Clear Communicating

Your business card is not an ad

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Work boots are like soccer shoes in the sense that they both provide a protective covering for your feet. But if you play soccer or work in a steel plant, they are anything but interchangeable.

Your marketing materials are purpose built in the same way. A brochure isn’t interchangeable with a frequent buyer’s card any more than work boots are interchangeable with soccer cleats.

People who run their own small businesses are hard-working and busy. They typically seek to leverage time and ...

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The economics behind the media meltdown

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What really happened that caused traditional media to shrink so much over the past decade – and why are so many still struggling to come back?
That’s the subject of this presentation, which I’ve given several times over the past few years.

 

Make sure value-added really adds value

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Value-added is the currency of the new economy. The idea is this: You do business by giving people what they pay for, but you gain and retain customers by adding a little something extra on top.

When the Eat ‘n Park restaurant chain gives each child a free Smiley cookie after dinner, that’s value-added. When UPS and FedEx provide tracking numbers so you can follow the progress of your package, that’s ...

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First things first: What game are you playing?

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billiards_James Barker_freedigitalphotosStrategy before execution. This should be simple.

But it’s human nature to jump right into doing stuff before sweating out the big questions.

For example, a couple prospective clients have put off small, closed-ended projects that I proposed to help them align operating strategy and marketing. This in turn would  help them answer such daunting digital communications questions as how to deal with social media, ...

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Everybody’s a publisher now

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I moved from the editorial side of the publishing business to the money side in 2000 and my timing couldn’t have been worse.

In my first month of selling advertising, it was my job to convince would-be advertisers why they should select my products as opposed to anybody else’s.

By the second month, I was answering a much more difficult question: Why they should advertise at all.

Even in 2000, at the height of the first internet bubble, marketers were figuring out how ...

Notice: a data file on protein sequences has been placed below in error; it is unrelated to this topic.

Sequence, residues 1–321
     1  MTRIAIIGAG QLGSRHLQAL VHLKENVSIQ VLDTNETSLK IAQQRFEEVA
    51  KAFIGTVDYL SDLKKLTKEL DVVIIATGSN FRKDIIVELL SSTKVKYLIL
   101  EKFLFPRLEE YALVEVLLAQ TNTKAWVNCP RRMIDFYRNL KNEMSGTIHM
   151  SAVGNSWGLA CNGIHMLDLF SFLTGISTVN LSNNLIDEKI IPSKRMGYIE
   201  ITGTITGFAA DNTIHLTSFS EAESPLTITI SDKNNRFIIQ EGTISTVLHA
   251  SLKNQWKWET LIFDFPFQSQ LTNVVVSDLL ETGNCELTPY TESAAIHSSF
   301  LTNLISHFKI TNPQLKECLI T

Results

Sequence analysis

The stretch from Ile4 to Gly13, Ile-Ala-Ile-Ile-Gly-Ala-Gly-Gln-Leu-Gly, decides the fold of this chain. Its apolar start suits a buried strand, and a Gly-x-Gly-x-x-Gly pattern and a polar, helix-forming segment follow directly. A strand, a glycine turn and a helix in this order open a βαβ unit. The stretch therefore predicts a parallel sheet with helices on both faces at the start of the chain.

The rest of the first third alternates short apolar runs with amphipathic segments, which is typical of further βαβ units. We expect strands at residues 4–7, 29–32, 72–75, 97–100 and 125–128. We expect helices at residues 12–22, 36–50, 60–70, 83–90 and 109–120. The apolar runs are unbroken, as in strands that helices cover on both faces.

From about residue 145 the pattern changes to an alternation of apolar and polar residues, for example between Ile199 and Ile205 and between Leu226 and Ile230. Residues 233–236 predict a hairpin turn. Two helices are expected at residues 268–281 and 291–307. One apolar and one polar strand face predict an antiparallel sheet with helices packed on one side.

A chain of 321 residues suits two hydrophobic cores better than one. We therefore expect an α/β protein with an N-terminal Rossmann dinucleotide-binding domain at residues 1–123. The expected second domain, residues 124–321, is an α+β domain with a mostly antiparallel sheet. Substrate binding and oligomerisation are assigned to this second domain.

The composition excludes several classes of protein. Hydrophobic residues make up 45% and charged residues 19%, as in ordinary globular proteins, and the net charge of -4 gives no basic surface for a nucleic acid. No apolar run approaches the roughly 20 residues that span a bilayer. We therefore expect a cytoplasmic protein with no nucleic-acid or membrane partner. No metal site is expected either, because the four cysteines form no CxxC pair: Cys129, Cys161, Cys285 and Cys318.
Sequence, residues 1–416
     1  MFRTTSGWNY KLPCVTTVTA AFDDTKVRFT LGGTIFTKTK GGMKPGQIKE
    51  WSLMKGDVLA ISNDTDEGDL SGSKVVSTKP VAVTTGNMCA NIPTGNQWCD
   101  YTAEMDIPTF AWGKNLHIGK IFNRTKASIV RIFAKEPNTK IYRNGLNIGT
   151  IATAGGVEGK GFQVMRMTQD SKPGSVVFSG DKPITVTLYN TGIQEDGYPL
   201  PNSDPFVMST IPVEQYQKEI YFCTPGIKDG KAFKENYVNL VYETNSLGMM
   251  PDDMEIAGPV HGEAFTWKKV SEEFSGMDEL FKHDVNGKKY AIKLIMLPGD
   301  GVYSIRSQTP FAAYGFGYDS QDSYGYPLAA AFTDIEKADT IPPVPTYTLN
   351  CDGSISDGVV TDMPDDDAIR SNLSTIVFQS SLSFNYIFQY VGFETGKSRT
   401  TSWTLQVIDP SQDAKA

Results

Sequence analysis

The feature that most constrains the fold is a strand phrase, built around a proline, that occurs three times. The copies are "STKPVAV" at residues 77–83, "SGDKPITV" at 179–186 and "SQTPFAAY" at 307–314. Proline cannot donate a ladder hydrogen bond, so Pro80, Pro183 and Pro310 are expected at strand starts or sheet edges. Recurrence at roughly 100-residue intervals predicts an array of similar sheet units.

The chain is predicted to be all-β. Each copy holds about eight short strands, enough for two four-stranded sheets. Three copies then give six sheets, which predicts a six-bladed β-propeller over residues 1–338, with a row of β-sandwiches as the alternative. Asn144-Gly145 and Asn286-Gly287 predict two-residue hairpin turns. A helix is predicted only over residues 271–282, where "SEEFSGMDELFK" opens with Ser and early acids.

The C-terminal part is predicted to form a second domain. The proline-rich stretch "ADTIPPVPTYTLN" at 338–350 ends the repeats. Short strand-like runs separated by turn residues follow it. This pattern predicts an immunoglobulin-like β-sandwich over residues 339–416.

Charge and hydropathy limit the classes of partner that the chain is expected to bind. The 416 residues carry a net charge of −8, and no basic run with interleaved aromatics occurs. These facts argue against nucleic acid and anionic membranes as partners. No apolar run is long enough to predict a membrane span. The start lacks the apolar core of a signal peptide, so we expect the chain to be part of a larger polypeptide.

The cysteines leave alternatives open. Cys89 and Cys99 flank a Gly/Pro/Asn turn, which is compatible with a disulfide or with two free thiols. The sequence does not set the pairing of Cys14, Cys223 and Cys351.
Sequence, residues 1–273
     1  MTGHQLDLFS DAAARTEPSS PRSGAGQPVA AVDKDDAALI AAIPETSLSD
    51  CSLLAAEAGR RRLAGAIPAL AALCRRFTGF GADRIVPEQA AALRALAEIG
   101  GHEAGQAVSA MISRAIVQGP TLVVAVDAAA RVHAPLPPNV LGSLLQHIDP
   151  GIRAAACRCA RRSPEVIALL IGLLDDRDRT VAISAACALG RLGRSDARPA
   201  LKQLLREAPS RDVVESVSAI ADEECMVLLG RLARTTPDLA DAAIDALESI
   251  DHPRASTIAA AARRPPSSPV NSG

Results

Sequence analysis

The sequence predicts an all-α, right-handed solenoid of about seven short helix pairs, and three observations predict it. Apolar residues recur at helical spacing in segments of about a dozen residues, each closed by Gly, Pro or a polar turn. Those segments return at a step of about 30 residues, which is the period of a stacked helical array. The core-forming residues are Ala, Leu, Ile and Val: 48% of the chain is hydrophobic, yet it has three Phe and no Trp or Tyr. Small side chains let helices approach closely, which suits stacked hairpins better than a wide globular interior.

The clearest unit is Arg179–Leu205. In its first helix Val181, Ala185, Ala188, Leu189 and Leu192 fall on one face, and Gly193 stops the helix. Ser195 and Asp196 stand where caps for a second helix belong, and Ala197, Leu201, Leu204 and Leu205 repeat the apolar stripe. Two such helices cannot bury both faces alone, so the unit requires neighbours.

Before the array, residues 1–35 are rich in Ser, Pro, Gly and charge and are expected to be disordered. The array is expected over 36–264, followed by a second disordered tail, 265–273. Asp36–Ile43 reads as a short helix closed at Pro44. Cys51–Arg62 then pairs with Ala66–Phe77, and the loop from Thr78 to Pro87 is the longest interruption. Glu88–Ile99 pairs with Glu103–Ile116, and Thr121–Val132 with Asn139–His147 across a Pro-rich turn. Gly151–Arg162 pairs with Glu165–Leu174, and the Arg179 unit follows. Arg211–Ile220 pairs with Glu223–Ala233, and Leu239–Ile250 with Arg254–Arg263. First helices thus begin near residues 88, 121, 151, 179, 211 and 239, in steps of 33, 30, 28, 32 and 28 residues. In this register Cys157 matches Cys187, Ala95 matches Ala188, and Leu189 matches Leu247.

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Advertisers will always go where the people are

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Alan Mutter, who calls himself the Newsosaur and whose opinions on the news business I deeply respect, points out that newspapers are now well into their sixth year of declines in advertising demand. In a recent blog post, he noted that annual newspaper sales hit $10.7 billion in 2006 – and now stand at $4.3 billion, about the same level as 1983. And they continue to drop.

While the drop in advertising isn’t new for newspapers, it hasn’t always ...

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So much to do that nothing gets done

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Many small business owners are not marketers. They’ll tell you as much.

People start their own business in order to do what they love and do well. Marketing becomes a necessary evil.

For many, writing is a chore. Or databases are a mystery. Or blogging takes too much time. Social media creates an uncomfortable blend between business and personal. Networking is superficial. Advertising is too expensive and doesn’t work quickly. Public relations is a crapshoot.

It’s altogether too time-consuming, too hard, too expensive. ...

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The worst of both worlds

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I had breakfast with an entrepreneur who is at that point where his young business ought to be gaining traction. But he’s bogged down in building the next generation of software that supports the business.

The problem is that he and the software developer – to whom he has given equity in exchange for the development work – disagree on their vision for the 2.0 version. They’ve been deadlocked for six months as competitors begin to pop up around them.

I suggested he ...

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Content: made simple

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In a longer interview on consumer media by iMediaConnection.com, Professor Henry Jenkins from USC’s Annenberg School for Communications & Journalism offers this breathtakingly simple explanation of the role of content – and a fair warning to those who would exploit it with hands of ham:

“… In a world with many media choices, consumers are actively selecting what content is meaningful to them and circulating it consciously to people they think may be interested. ...

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How big is mobile computing? Really big.

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Mary Meeker of Morgan Stanley made the following presentation at a recent meeting of technology wizards and gurus. (Notably she got the name of the event wrong; it’s the CN Summit.)

There’s a breadth of information here, ranging from adoption of mobile technologies to the potential for mobile advertising to the investment outlook for companies in the business.

The big takeaway for me is how it underscores the increasingly reasonable-sounding claims that mobile computing will change how we think about computing; and, ...

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